Monday, 29 September 2014

Human Genome Was Shaped by an Evolutionary Arms Race with Itself

New study of primate genomes reveals an ongoing battle to control 'jumping genes,' driving the evolution of greater genomic complexity
Sunday, 28 September 2014

New findings by scientists at the University of California, Santa Cruz, suggest that an evolutionary arms race between rival elements within the genomes of primates drove the evolution of complex regulatory networks that orchestrate the activity of genes in every cell of our bodies.

The arms race is between mobile DNA sequences known as "retrotransposons" (a.k.a. "jumping genes") and the genes that have evolved to control them. The UC Santa Cruz researchers have, for the first time, identified genes in humans that make repressor proteins to shut down specific jumping genes. The researchers also traced the rapid evolution of the repressor genes in the primate lineage.

Their findings, published September 28 in Nature, show that over evolutionary time, primate genomes have undergone repeated episodes in which mutations in jumping genes allowed them to escape repression, which drove the evolution of new repressor genes, and so on. Furthermore, their findings suggest that repressor genes that originally evolved to shut down jumping genes have since come to play other regulatory roles in the genome.

"We have basically the same 20,000 protein-coding genes as a frog, yet our genome is much more complicated, with more layers of gene regulation. This study helps explain how that came about," said Sofie Salama, a research associate at the UC Santa Cruz Genomics Institute who led the study.

Retrotransposons are thought to be remnants of ancient viruses that infected early animals and inserted their genes into the genome long before humans evolved. Now they can only replicate themselves within the genome. Depending on where a new copy gets inserted into the genome, a jumping event can disrupt normal genes and cause disease. Often the effect is neutral, simply adding to the overall size of the genome. Very rarely the effect might be advantageous, because the added DNA can itself be a source of new regulatory elements that enhance gene expression. But the high probability of deleterious effects means natural selection favours the evolution of mechanisms to prevent jumping events.

Scientists estimate that jumping genes or "transposable elements" account for at least 50 percent of the human genome, and retrotransposons are by far the most common type.

"There have been successive waves of retrotransposon activity in primate evolution, when a transposable element changed to become expressed and replicated itself throughout the genome until something turned it off," Salama said.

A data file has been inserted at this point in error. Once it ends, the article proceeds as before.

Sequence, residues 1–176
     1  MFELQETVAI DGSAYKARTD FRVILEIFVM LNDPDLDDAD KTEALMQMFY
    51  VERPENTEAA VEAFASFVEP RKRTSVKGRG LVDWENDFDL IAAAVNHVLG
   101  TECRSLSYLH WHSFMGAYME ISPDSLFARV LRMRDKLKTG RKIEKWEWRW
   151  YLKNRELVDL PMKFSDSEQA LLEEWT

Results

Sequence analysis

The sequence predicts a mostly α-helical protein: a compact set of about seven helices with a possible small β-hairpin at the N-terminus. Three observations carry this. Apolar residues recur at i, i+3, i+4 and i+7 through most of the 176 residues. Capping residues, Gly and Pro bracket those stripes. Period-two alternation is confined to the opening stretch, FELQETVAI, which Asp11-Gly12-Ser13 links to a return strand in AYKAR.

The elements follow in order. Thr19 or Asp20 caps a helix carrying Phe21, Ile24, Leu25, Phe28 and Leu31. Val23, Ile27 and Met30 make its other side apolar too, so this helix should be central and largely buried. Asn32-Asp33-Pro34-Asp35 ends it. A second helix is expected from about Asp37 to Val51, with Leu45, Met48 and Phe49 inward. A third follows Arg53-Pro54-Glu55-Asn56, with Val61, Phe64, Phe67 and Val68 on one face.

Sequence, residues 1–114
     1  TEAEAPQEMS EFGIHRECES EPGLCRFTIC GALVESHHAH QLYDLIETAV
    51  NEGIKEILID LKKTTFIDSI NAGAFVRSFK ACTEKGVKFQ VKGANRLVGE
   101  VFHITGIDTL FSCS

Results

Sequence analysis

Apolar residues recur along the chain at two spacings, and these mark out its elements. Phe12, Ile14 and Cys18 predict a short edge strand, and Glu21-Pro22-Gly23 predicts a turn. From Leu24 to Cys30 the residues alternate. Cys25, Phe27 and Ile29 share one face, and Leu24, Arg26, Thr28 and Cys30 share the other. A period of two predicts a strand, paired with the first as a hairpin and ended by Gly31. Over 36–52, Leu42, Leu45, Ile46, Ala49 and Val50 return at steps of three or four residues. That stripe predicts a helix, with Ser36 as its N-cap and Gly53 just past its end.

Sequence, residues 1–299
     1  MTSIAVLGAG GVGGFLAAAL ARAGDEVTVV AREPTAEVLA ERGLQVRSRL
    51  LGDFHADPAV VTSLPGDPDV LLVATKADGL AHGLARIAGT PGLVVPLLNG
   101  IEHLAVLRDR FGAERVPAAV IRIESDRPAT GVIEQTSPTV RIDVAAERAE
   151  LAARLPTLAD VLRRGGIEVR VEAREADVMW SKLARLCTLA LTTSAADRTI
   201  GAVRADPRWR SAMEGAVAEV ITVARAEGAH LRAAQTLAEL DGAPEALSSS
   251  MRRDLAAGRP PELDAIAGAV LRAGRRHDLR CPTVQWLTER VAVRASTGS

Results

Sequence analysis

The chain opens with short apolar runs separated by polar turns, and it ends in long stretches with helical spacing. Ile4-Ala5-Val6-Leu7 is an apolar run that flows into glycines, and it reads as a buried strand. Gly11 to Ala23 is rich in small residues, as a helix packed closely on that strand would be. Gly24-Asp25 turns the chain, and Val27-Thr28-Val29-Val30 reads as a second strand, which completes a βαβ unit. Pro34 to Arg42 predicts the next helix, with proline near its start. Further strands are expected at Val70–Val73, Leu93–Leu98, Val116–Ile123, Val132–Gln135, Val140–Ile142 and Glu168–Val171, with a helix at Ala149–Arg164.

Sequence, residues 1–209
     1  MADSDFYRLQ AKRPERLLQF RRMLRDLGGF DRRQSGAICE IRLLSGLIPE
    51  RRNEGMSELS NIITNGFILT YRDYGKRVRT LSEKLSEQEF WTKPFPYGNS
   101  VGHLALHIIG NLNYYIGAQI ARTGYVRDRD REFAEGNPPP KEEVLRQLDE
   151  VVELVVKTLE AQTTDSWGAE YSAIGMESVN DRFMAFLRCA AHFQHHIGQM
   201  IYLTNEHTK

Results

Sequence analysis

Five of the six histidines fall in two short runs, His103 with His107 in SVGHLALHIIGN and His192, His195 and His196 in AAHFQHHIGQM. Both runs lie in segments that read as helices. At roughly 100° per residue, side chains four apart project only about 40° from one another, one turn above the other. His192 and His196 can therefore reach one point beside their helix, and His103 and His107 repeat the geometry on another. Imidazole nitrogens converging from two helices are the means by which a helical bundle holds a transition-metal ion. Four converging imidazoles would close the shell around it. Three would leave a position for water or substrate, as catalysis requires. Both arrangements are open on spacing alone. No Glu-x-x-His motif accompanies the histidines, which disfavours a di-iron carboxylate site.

"We've discovered a major mechanism by which the genome is able to shut down these mobile DNA elements."

The repressors identified in the new study belong to a large family of proteins known as "KRAB zinc finger proteins." These are DNA-binding proteins that repress gene activity, and they constitute the largest family of gene-regulating proteins in mammals. The human genome has over 400 genes for KRAB zinc finger proteins, and about 170 of them have emerged since primates diverged from other mammals.

According to Salama, her team's findings support the idea that expansion of this family of repressor genes occurred in response to waves of retrotransposon activity. Because repression of a jumping gene also affects genes located near it on the chromosome, the researchers suspect that these repressors have been co-opted for other gene-regulatory functions, and that those other functions have persisted and evolved long after the jumping genes the repressors originally turned off have degraded due to the accumulation of random mutations.

"The way this type of repressor works, part of it binds to a specific DNA sequence and part of it binds other proteins to recruit a whole complex of proteins that creates a repressive landscape in the genome. This affects other nearby genes, so now you have a potential new layer of regulation available for further evolution," Salama said.

KRAB zinc finger proteins are the subject of intensive research as scientists try to sort out their many regulatory roles within the genome. The idea that they are involved in repression of jumping genes is not new – previous studies by other researchers have shown that these proteins silence jumping genes in mouse embryonic stem cells. But until now, no one had been able to demonstrate that the same thing occurs in human cells.